The Supreme Court has backed a building society’s claim against its former auditor, in a ruling that provides a ‘more generous’ test for the duty of care owed by professional advisers.
Manchester Building Society brought action against Grant Thornton after the accountancy firm negligently advised its client to use a method known as ‘hedge accounting’ from 2006. The building society relied on this advice, entering into various fixed rate mortgages hedged against long term swaps.
It was discovered in the wake of the financial crash that the society could not apply hedge accounting, and the negative swing in its reported profit and loss and capital position compelled it to exit the business model, breaking the swaps and selling the mortgages. Manchester Building Society closed out the swaps at a cost of over £32m.
The Supreme Court was asked to decide whether the society can recover this cost as damages from the accountants, reduced by 50% for the society’s contributory negligence. Both the trial judge and the Court of Appeal ruled that it could not.
However, a panel of seven justices unanimously allowed the building society’s appeal in a judgment handed down this morning. The court found that Manchester Building Society had suffered a loss falling within the scope of the duty of care assumed by Grant Thornton, in light of the purpose of its advice.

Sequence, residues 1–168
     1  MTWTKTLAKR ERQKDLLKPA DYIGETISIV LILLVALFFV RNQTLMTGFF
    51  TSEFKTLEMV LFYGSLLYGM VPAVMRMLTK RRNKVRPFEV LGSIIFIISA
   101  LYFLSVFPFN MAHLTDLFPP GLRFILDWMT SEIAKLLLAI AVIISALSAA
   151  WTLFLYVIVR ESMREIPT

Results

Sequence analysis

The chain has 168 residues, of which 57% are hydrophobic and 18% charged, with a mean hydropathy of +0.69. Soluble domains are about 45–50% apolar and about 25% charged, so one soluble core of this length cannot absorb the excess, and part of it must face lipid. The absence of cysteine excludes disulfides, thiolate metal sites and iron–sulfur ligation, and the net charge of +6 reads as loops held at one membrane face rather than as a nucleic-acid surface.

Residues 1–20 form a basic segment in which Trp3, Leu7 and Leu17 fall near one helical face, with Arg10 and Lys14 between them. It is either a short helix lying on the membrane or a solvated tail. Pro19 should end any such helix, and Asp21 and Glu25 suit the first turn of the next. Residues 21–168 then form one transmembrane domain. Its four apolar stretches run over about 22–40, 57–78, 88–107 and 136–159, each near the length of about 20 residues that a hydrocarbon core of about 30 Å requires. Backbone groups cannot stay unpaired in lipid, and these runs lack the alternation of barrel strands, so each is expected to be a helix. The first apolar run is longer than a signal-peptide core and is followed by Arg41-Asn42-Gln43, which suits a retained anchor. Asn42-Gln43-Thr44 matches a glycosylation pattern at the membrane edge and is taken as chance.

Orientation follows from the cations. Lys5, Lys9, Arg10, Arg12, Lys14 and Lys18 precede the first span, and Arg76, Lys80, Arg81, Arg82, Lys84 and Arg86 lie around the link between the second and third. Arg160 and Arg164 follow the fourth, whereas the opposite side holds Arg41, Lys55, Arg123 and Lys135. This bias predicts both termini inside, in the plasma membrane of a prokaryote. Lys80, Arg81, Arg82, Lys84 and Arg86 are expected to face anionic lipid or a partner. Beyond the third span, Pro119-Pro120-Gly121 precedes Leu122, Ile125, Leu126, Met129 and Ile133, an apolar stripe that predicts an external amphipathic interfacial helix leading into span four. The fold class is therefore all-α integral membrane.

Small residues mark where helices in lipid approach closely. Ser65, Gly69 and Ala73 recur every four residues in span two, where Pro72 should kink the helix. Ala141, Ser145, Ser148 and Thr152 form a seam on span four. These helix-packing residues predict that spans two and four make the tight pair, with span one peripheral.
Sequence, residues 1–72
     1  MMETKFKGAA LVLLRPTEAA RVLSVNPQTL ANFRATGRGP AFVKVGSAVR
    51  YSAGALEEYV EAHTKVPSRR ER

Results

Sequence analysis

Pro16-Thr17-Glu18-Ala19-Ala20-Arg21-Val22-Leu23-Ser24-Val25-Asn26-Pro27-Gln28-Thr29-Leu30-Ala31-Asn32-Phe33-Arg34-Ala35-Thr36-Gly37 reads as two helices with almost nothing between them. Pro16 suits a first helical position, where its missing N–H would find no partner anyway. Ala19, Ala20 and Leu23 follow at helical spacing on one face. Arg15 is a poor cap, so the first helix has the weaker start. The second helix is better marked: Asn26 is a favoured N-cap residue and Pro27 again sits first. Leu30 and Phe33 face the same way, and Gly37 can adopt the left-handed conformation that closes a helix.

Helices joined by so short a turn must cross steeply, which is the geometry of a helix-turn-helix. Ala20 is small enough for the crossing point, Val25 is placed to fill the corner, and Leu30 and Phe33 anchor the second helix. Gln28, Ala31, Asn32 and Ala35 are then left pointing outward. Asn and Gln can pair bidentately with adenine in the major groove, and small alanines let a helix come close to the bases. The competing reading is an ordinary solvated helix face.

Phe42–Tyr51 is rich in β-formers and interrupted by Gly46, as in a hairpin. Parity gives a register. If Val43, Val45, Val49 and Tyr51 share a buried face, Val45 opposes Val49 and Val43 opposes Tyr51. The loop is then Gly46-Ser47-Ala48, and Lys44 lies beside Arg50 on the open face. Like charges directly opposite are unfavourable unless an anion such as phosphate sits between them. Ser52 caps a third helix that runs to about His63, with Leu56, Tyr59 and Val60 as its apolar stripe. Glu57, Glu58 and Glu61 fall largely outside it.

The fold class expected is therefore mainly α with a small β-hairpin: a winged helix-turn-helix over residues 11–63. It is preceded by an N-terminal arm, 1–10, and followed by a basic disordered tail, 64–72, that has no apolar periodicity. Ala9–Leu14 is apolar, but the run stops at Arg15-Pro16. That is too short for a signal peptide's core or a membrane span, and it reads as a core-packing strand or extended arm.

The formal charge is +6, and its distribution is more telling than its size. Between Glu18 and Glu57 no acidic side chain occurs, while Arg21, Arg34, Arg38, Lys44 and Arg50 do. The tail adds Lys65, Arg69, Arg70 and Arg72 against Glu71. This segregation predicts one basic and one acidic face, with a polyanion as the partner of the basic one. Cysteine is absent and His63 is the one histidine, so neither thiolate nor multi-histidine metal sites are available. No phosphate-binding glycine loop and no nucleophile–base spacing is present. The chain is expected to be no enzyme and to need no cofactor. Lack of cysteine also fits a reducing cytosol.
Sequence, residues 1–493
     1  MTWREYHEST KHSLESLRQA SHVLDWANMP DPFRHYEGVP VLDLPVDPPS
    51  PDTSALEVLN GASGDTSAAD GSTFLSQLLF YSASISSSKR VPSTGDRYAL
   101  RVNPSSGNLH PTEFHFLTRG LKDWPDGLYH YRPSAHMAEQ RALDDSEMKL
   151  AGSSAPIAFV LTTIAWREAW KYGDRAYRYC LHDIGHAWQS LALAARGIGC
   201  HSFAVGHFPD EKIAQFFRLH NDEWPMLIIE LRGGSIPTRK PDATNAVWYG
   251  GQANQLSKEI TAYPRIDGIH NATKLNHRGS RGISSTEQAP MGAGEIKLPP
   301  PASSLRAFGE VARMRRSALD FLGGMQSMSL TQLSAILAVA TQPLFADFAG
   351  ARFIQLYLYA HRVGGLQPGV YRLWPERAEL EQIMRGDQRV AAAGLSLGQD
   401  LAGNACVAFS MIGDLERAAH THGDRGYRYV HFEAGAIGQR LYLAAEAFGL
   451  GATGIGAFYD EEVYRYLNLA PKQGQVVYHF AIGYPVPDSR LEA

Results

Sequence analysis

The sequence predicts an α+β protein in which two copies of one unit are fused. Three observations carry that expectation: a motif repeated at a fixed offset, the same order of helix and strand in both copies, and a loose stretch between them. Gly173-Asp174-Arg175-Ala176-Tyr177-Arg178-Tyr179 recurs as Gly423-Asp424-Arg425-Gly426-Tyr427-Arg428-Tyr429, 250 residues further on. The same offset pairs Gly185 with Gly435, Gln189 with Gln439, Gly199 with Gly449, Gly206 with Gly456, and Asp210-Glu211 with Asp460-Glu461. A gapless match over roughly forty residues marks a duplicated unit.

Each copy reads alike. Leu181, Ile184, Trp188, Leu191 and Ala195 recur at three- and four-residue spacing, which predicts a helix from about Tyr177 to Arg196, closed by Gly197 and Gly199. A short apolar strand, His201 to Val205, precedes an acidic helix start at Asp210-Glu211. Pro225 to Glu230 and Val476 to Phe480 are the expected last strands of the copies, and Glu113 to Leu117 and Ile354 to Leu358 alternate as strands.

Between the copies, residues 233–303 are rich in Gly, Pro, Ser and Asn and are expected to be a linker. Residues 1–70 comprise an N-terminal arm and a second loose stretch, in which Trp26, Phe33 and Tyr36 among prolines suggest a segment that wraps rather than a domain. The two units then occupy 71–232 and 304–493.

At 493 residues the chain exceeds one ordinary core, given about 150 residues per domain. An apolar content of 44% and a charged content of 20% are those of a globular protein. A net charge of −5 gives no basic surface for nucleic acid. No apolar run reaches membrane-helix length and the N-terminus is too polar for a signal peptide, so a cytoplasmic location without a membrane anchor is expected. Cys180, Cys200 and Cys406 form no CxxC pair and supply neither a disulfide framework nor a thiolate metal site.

‘The loss was caused by a matter – the lack of an effective hedging relationship between the swaps and the lifetime mortgages which they were supposed to hedge – which Grant Thornton negligently failed to appreciate and report to the society and which made its advice wrong,’ the court said. ‘By the same token, if Grant Thornton’s advice had been correct and there had been an effective hedging relationship between the swaps and the mortgages, as Grant Thornton advised that there was, the loss would not have occurred.’
It ruled that Manchester Building Society is entitled to recover damages of £13.4m.
City firm Squire Patton Boggs, which represented the appellant, said: ‘Claimants who have suffered loss as a result of negligent advice are likely to turn to this judgment as providing both a more generous and more common sense test for scope of duty. Professionals giving advice should pay heed to the “purpose of duty” question and make sure that their terms of engagement are absolutely clear on the agreed purpose of the advice being sought.’
Commenting on the ruling, Janine Alexander, financial services partner at Collyer Bristow LLP added that professional advisers are under growing scrutiny: ‘This case forms part of an intensifying focus on the duties owed by accountants, and in particular, auditors when scrutinising the finances of large enterprises – a reminder that the courts and regulators expect more from them than a box ticking approach,’ she said.